• You can mix starch granules  (very biodegradable) with plastics like poly(ethene) which enables microorganisms to grow and feed on/in the plastic and eventually help biodegrade the plastic itself. By breaking down the starch the microorganisms also break down the poly(ethene).

      • You can also manufacture plastics whose break down is initiated by exposure to sunlight. This is particularly useful in agriculture where plastic bags of fertiliser are in common use.

    • In 1988 Australia issued bank notes made from recycled poly(propene). These plastic notes apparently have the advantage of being more difficult to forge and they last longer!

      • Waste poly(propene)/polypropylene can be ground up and recycled to make pipes, compost bins and flower pots

    • Other ideas include making more durable plastic bags that can be used many times for shopping.

    • Ideally some recycled thermoplastics and scrap material from a plastic product manufacturing process, can be heated and remoulded in the same process or another product.

    • It is possible in some cases to break the plastic material down with heat (a sort of 'cracking') into smaller organic hydrocarbon molecules that can act as chemical feedstock like those from oil itself, from which you can make other valuable products including plastics.

      • Less green, but useful purpose, is to use scrap plastic as a fuel, but complete incineration is not always easy to be efficient and clean burning.

    • All of these will slow down the rate at which valuable oil-petroleum deposits are depleted - the latter are finite, so we should make the best use of them.

  4. See also Pollution due to carbon monoxide etc.

Revision notes on the manufacture and structure of addition polymers, physical properties of addition polymers, help when revising for AQA GCSE chemistry, Edexcel GCSE chemistry, OCR GCSE gateway science chemistry, OCR GCSE 21st century science chemistry GCSE 9-1 chemistry examination questions on polymers and their properties and uses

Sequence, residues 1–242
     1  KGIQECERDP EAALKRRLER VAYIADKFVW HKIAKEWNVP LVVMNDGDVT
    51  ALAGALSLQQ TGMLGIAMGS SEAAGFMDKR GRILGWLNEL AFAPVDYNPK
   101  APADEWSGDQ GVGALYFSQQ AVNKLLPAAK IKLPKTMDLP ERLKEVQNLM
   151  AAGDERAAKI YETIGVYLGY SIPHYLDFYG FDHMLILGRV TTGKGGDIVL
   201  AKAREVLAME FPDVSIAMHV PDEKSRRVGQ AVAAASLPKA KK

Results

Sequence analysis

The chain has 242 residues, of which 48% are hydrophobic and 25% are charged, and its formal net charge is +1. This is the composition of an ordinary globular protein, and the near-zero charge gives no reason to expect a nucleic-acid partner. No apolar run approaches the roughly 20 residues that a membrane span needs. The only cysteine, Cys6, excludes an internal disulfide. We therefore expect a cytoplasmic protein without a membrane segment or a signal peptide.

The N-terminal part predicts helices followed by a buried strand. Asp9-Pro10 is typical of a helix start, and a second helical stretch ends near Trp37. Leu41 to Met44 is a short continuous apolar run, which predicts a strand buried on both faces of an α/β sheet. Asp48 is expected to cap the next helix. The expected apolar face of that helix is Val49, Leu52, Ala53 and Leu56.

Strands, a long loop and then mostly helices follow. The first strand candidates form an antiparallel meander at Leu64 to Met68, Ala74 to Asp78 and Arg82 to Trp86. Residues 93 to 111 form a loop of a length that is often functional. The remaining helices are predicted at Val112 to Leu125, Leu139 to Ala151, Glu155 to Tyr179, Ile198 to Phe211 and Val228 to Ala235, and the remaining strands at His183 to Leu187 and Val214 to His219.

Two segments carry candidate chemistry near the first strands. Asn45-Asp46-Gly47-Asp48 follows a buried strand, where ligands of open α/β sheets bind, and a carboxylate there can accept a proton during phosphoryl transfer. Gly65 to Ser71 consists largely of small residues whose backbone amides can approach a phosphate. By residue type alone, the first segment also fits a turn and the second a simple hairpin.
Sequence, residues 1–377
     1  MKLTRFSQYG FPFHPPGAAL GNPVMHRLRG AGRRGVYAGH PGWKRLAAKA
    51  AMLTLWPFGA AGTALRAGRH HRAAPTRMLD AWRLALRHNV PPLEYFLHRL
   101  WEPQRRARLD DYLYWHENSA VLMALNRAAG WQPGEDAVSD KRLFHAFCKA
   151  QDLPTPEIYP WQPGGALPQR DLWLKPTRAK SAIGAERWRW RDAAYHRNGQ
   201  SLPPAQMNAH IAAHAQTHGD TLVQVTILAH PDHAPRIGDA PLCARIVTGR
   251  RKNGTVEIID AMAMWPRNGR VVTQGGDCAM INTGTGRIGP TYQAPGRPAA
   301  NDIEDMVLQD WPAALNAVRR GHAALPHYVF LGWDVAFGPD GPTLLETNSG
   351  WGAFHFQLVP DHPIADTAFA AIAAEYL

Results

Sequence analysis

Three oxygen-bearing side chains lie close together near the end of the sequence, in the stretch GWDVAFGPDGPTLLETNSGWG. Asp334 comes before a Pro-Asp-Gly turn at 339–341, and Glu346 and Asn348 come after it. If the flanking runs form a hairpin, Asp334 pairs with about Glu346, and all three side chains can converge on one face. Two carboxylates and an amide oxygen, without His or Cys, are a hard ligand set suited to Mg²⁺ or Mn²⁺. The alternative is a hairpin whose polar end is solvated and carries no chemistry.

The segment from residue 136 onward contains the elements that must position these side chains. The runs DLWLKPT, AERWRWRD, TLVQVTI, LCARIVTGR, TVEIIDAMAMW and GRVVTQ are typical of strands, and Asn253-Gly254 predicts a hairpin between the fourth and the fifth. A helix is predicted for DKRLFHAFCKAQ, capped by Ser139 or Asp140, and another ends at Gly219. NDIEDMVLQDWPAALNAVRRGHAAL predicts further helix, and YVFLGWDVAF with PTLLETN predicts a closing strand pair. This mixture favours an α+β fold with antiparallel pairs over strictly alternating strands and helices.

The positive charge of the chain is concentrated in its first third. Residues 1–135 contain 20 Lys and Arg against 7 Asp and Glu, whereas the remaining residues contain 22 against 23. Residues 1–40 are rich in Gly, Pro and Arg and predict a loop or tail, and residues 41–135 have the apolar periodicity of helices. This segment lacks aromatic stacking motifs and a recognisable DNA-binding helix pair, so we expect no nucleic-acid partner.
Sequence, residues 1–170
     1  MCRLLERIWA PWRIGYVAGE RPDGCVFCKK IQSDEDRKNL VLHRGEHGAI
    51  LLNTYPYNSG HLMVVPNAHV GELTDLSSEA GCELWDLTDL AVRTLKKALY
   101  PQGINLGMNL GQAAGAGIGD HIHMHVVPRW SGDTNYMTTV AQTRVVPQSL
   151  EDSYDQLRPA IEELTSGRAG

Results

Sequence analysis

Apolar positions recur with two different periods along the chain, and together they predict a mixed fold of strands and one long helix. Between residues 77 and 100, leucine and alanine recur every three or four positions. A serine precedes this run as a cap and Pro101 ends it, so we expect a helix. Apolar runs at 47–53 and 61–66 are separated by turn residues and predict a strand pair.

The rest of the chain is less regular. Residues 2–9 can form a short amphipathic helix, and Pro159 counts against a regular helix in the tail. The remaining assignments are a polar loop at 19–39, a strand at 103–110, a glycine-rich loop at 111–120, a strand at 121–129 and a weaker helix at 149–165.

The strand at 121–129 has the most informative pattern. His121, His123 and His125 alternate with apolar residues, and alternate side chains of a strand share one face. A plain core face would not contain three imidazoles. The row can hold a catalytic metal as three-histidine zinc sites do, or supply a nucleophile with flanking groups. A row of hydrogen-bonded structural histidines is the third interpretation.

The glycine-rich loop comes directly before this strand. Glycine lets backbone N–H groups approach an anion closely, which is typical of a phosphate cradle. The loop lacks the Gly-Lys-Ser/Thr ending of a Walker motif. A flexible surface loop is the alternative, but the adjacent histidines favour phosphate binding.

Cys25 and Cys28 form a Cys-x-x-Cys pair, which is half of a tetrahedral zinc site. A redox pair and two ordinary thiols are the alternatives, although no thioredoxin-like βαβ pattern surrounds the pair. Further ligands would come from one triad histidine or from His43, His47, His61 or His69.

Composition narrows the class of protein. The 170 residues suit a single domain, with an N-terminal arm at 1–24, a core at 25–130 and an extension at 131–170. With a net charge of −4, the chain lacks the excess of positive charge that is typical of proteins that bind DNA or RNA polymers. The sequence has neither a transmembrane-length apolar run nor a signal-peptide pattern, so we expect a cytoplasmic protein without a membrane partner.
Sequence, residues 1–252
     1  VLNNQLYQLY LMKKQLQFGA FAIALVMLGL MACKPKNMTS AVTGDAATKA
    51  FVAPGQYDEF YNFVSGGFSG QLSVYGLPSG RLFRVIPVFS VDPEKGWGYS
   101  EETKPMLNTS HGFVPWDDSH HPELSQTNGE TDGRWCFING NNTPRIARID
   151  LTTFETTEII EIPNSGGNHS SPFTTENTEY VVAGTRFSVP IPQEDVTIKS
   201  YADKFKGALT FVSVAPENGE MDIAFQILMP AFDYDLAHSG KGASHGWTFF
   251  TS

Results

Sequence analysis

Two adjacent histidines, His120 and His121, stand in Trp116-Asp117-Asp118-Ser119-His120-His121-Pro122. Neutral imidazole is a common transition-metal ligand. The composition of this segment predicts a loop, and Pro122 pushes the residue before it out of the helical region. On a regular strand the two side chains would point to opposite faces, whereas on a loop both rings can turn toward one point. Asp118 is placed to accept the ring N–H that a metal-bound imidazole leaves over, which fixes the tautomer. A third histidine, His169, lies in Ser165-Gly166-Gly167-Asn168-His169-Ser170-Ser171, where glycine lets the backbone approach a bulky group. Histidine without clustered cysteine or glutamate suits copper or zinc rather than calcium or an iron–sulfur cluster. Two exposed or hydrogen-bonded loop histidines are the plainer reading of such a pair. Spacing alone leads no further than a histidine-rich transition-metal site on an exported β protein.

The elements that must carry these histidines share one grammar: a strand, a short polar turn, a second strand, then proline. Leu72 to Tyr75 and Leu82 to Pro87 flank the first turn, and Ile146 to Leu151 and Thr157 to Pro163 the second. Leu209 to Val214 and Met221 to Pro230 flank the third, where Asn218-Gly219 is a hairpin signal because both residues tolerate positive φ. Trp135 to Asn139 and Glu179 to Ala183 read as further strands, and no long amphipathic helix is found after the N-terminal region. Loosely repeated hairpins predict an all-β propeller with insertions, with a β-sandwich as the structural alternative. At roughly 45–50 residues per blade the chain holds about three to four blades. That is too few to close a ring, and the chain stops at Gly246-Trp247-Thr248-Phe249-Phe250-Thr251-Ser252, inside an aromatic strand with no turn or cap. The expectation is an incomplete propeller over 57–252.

7D. Choosing a Plastic for a Particular Use (this section is repeated on the other GCSE polymer notes page)

How we use polymer compositions depends on their properties, some are quoted in the data table below

So, below is a decision making exercise on choosing a plastic for a particular job!

Note: NOT ALL the properties are necessarily relevant to make the decision.

At the moment A to F match questions (a) to (f) once only, but I may add further questions!

This exercise should provide a good challenge and discussion for a class, any feedback comments appreciated.

Polymer product Production cost Chemical resistance Melting point Strength (rigidity) Transparency can be made into fibres?
A high high high high good no
B low low high moderate poor no
C low low low low opaque yes
D low low low low poor no
E high low high very high opaque yes
F low high high high poor no

(a) Which plastic could be used as for disposable tableware like plates for hot meals or coffee cups?

(b) Which plastic could be used as a moving plastic component in a machine?